Russia provided 6 million USD (366 million Roubles. 41.4 million Renminbi. 405.6 million INR. 7.878 million CAD. 8.028 million AUD. 5.658 million Euros. 4.728 million UK Pounds) to FAO to implement a food and nutrition security project in Armenia, Kyrgyzstan, and Tajikistan. Russia is also interested in allocating money for a FAO project for the progressive control of foot-and-mouth disease in the same region. In 2015, during my official visit to the Russian Federation, we signed a 1 million USD (61 million Roubles. 6.9 million Renminbi. 67.6 million INR. 1.313 million CAD. 1.338 million AUD. 943,000 Euros. 788,000 UK Pounds) coöperation agreement to support the Global Soil Partnership. I also hope that FAO and Russia would boost coöperation to support FAO work in post-disaster and emergency situations across the globe. The international community can achieve the ambitious goal of eradicating hunger by 2030. We aren’t talking about simply halving hunger’s scope or reducing the absolute numbers of hungry people… we’re talking about really ending hunger by 2030, and providing healthy sustainable diets to all. This is a bold goal, but we’re convinced that it’s indeed viable and affordable. We can and we must be the Zero Hunger generation.

The struggle against hunger requires multiple efforts in many spheres. The UN’s 17 sustainable development goals, including elimination of hunger and poverty, as well ensuring quality education, are part of the 2030 Agenda for Sustainable Development adopted by the UN General Assembly on 25 September 2015. The instability and various conflicts around the world have a negative impact on the issue of global food security, as well as social protection capabilities. Conflict is one of the main… if not the main… drivers of food insecurity and malnutrition. It reduces food availability, disrupts access to food and health care, interrupts food production and agriculture, and undermines social protection systems. Indeed, conflict characterised every famine in the modern era. Some 80 percent of humanitarian funding appeals had links to conflicts, adding that over 56 million people affected by protracted crises were in an emergency level of food insecurity. The FAO exerts efforts to promote stability and food security in conflict-ridden countries such as Nigeria, which deals with the Boko Haram insurgency.

13 December 2016

Sputnik International

https://sputniknews.com/russia/201612131048482533-russia-agriculture-markets/

Sunday, 23 October 2016

Cash-Strapped Ukrainians Buy Expired Food Following Economic “Experiment”

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The Ukrainian news website Vesti reported that since the Ukrainian economic crisis in Ukraine shows no sign of improvement, the past few weeks saw more and more ordinary people buy expired food products. On 1 October, the Ukrainian Cabinet of Ministers temporarily abolished state regulation of prices for food products, which the authorities claim is an experiment allegedly aimed at helping them find out more about the effectiveness and feasibility of price controls. The government decided to scrap the maximum trade mark-up, which ranged between 10 and 15 percent, for goods deemed socially important. The measure will remain in force until 31 December. It means that, until the end of the year, entrepreneurs are free to hike the prices of staple goods including bread, milk, butter, eggs, sugar, pasta, and many other products. the Russian news website Lenta.ru reported that Ukrainians rushed to buy expired food, including milk, sausage, cheese, and croissants, to save money, enticed by smooth operators on the internet. Lenta.ru quoted an unnamed seller from Kremenchug as saying:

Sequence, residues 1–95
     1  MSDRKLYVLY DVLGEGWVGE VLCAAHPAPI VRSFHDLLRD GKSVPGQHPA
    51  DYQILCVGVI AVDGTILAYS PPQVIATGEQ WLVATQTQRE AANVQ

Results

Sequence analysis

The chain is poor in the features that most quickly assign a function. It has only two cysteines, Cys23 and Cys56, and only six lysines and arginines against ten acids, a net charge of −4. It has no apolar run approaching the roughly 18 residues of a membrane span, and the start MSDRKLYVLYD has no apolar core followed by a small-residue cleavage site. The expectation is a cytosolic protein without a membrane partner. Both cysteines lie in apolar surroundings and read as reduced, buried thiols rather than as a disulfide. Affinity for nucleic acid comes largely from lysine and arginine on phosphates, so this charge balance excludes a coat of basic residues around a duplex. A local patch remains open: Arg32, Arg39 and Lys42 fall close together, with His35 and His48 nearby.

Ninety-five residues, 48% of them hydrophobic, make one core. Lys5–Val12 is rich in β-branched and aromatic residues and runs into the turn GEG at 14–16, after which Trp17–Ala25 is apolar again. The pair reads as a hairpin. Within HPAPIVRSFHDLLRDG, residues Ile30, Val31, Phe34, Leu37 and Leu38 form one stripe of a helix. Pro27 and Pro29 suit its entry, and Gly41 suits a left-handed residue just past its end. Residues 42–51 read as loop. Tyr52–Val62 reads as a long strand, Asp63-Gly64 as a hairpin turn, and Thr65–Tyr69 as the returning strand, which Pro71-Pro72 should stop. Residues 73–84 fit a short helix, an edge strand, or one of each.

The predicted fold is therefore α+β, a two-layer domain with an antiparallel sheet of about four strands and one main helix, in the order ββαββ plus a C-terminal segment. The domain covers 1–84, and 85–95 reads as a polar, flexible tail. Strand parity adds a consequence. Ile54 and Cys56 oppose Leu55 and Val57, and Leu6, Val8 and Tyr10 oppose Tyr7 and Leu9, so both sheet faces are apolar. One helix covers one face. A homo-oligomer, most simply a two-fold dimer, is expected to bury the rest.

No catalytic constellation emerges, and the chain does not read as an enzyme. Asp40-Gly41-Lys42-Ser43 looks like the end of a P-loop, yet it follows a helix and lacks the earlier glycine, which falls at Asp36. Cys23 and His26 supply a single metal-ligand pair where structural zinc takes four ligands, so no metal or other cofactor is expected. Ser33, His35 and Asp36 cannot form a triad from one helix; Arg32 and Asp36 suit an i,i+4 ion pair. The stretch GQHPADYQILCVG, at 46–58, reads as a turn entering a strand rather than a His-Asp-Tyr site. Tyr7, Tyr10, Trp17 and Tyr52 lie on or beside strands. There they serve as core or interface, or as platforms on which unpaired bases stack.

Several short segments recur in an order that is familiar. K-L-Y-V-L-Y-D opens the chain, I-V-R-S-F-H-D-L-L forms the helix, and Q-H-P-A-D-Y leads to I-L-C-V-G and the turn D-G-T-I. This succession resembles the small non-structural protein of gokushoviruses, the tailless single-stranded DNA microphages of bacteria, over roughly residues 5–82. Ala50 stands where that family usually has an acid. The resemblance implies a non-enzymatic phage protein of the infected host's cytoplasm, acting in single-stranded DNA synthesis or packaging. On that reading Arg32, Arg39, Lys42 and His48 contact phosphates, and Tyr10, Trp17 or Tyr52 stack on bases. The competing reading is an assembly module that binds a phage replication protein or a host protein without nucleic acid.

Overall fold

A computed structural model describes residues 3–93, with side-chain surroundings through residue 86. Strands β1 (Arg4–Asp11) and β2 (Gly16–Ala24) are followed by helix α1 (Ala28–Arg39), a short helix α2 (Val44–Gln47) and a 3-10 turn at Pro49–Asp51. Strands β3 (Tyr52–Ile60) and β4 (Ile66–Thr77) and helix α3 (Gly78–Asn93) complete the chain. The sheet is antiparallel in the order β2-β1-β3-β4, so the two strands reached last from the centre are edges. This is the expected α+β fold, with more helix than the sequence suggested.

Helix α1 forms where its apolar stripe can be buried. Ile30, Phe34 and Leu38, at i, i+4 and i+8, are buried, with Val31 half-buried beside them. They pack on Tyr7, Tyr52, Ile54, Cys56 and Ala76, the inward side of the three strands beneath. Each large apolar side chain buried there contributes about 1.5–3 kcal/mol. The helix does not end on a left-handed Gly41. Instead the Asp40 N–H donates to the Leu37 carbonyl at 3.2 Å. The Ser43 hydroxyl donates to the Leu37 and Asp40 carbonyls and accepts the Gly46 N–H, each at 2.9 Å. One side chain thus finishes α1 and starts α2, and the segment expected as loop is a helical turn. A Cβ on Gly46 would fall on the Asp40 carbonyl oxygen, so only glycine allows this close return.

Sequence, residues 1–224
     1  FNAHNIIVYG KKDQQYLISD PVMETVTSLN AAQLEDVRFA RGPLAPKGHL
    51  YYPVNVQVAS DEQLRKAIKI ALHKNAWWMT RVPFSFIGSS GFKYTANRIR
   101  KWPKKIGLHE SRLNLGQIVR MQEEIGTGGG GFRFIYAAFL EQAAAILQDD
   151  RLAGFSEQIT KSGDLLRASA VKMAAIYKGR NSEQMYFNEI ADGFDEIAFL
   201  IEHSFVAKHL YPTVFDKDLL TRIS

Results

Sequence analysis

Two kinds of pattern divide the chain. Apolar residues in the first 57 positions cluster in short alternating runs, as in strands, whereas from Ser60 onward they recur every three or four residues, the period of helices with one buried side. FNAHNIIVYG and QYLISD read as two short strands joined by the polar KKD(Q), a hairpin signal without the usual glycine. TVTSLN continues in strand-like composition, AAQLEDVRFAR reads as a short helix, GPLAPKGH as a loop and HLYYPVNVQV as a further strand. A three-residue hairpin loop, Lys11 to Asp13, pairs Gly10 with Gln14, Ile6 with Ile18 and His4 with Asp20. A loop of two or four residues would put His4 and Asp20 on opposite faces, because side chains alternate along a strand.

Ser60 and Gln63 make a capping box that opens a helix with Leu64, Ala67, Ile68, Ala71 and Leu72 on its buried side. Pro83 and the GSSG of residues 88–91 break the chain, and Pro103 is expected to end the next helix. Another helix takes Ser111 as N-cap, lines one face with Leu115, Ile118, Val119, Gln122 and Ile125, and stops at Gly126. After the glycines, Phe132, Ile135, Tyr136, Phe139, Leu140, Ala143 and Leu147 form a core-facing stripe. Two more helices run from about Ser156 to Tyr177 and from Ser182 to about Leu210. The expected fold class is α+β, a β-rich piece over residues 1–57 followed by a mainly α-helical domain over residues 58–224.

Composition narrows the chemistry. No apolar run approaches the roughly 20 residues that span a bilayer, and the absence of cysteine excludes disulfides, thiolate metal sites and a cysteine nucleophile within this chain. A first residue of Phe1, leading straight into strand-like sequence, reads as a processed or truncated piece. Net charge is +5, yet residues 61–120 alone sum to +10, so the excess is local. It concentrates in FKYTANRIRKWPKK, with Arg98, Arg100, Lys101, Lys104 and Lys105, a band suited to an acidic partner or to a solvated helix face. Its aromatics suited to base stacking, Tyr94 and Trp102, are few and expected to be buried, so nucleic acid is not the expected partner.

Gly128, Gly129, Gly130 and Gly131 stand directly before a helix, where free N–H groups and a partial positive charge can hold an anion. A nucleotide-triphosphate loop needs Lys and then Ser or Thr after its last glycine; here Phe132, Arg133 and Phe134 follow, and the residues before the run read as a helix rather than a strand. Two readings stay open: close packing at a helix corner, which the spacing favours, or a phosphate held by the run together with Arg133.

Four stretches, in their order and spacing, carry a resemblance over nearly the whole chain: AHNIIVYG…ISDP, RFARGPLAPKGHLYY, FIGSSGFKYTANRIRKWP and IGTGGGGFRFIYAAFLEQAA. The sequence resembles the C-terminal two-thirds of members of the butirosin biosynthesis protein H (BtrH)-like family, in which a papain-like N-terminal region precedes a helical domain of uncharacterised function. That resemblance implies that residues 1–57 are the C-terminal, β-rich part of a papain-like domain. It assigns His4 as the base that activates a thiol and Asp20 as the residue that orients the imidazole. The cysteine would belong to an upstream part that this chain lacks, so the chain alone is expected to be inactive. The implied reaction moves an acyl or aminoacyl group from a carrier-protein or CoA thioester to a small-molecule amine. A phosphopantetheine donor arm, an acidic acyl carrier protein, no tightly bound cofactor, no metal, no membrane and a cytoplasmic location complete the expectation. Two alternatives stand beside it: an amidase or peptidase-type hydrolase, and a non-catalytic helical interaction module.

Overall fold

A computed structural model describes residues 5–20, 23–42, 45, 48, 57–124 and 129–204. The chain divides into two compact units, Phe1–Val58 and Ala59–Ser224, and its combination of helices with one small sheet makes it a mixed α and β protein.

I’m selling expired sausages, frankfurters, and wieners. Pay attention to the fact that the products aren’t spoiled.

Prices for such food are cheaper than they are for fresh products, with businessmen preferring to sell expired food at urban markets and even spontaneously formed selling points. Lenta.ru also quoted Maksim Nesmiyanov, the head of the Ukraine’s Union of Consumers, as saying that milk products and ketchup are a dime a dozen at the marketplaces, where they’re mostly purchased by pensioners. Meanwhile, according to statistics, food prices in the Ukraine increased by about 10 percent since the beginning of this year, whilst the population’s purchasing power tumbled 20 percent within the same period.

23 October 2016

Sputnik International

https://sputniknews.com/europe/201610231046637278-ukraine-crisis-expired-food/